Gird your lofts. North Brooklyn is set to be enshrined (yet again) in the ageless portals of our most glorious medium—I’m talking of course of television—in a pair of NBC/Universal productions currently in pre-production. And the studio wants YOU to help make it happen.

Location scouts for both The Slap (a miniseries based on Christos Tsiolkas’ celebrated novel of the same name) and Mr Robot (a pilot about a young, socially awkward programmer who decides he can only connect to people by hacking them) have been loitering and flyer-posting in the Williamsburg/Bushwick vicinity.
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Hear Yr Fave Television and Pixies Albums On Some Really Expensive Speakers

pixiesThis has to be the next best thing to seeing the Shitty Pixies live: next month, you’ll be able to listen to the real Pixies on Output’s bone-rattling sound system. Classic Album Sundays, an international series of listening parties for classic albums, is back at Output’s Panther Room. Next up, on March 23: a session for Television’s brilliant Marquee Moon, moderated by Bryan Waterman, who authored the 33 1/3 book about the album (he’s also interviewing onetime Television member Richard Hell at The Strand next week).
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Richard Hell Will Chat With Robert Christgau Tomorrow Night

CleanTramp-pb-c-copyIf you missed your chance to dine with Richard Hell, you’ll have a chance to see him for free tomorrow night when the punk-rock royal signs copies of his autobiography I Dreamed I Was a Very Clean Tramp (just released in paperback) at powerHouse Arena in Dumbo. The East Villager’s former band, Television, played its first show at CBGB 40 years ago this month.

That momentous performance may well be talked about during his interview Tuesday with Robert Christgau, who spent more than three decades as The Village Voice‘s chief music critic. Following the discussion, Hell will answer a few questions from the audience before signing books, according to powerHouse Arena’s events coordinator, Justin Levine.

Seating for the event, which goes from 7 p.m. to 9 p.m., is available on a first-come, first-serve basis; reservations are encouraged via RSVP@powerHouseArena.com.

If you’d rather see him in Manhattan, he’ll be at The Strand on March 20, in conversation with Bryan Waterman, who penned the 33 1/3 about Television’s Marquee Moon album.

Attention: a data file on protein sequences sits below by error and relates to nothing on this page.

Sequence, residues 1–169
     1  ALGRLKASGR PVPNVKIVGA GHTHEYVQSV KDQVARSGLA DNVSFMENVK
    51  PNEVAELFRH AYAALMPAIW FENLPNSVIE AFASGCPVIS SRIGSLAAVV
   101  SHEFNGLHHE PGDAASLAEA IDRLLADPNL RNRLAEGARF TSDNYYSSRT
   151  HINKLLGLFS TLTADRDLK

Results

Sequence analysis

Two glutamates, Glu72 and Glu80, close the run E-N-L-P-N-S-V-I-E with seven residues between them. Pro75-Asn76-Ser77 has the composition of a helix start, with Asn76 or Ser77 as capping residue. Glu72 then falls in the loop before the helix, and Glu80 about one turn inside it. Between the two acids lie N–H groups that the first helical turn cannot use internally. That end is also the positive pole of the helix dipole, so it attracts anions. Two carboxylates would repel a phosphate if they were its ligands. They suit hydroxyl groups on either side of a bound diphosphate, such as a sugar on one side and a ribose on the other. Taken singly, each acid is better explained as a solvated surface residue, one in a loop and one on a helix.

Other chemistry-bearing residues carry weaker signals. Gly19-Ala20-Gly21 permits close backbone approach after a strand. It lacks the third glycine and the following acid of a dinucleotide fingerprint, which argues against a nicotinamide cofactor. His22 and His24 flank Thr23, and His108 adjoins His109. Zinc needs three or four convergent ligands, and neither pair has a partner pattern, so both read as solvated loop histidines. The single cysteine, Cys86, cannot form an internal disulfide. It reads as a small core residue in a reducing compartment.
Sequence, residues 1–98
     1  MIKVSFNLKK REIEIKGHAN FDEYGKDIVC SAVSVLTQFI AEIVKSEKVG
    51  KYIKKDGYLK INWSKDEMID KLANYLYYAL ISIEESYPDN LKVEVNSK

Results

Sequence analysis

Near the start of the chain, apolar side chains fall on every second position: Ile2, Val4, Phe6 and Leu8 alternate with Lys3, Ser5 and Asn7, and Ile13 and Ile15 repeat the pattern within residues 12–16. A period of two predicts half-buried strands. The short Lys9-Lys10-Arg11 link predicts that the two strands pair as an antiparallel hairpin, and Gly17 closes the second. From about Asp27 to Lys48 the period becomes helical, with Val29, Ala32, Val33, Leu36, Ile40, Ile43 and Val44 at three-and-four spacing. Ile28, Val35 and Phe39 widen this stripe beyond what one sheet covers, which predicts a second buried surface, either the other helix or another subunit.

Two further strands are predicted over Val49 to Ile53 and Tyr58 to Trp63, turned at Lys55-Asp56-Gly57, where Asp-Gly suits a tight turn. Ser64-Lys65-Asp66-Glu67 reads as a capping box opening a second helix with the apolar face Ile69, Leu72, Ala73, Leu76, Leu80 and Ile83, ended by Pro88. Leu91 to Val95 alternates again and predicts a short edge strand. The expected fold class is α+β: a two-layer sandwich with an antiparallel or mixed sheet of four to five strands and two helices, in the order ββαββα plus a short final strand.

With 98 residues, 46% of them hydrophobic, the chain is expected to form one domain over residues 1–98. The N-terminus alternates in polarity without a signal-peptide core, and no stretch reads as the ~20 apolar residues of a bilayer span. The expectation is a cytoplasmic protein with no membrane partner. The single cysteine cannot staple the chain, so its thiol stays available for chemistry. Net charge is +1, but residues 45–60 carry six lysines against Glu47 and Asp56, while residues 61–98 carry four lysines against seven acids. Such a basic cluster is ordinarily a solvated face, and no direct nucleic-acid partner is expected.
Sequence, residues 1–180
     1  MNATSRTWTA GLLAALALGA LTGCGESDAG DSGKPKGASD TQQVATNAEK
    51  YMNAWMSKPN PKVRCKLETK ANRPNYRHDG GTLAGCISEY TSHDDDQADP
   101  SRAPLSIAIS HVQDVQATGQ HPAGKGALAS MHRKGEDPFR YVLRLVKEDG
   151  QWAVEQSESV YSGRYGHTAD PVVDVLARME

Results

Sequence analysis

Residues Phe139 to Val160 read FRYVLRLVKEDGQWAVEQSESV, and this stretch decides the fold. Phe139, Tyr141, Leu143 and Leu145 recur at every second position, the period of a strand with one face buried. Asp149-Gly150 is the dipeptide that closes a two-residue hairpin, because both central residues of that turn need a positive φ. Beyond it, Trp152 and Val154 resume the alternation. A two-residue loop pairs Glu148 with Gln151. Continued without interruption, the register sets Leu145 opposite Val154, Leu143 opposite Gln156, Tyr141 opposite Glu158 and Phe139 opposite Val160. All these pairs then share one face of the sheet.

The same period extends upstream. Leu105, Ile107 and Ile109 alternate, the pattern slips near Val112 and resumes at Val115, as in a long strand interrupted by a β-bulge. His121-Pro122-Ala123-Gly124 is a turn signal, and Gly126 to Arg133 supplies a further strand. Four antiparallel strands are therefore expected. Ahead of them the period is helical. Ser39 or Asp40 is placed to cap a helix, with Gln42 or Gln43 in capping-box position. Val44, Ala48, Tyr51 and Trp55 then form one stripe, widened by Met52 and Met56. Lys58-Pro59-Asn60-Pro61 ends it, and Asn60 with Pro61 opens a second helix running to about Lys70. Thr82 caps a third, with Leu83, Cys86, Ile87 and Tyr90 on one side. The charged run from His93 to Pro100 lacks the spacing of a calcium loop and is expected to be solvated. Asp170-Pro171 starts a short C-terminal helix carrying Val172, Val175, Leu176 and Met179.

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‘We’d Found This Cave Out of Time’: A Look Back at Glam Rock’s Club 82

(Photos: Aileen Polk)

(Photos: Eileen Polk)

When Judy Garland, Kirk Douglas, Liz Taylor and the glitterati of the ‘50s wanted to walk on the wild side, they headed to the East Village’s Club 82, “New York’s After-Dark Rendezvous.” The notoriety of the basement club, at 82 East Fourth Street, came from its elaborate stage shows performed by 35 female impersonators. Strippers, dancers, comedians and singers, all men in drag, staged three shows nightly, seven days a week well into the ‘60s, when the novelty wore off and the club’s popularity faded.
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Watch the House Videographers at CBGB Call Richard Hell a Crybaby

As you may have read over at Rolling Stone, Pat Ivers and Emily Armstrong — in what’s sure to be one of the highlights of the CBGB Festival — are screening some of their rare late-70s and early-80s concert footage at Bowery Electric tonight, between performances by Cheetah Chrome of the Dead Boys, Syl Sylvain of the New York Dolls, and Glen Matlock of the Sex Pistols. We were lucky enough to have the authors of our weekly Nightclubbing column into the B+B Newsroom last Friday, along with Richard Boch, who’s working on a memoir of his time manning the door of the Mudd Club, and Pat Irwin, the guitarist for the Raybeats, 8 Eyed Spy and the B-52s, who spoke about his recently unearthed collaboration with Philip Glass.

If you missed Friday’s discussion, watch the replay above. Here’s what the gang had to say about Suicide (we spoke to Martin Rev of that band back in June) and the evolution of the Ramones.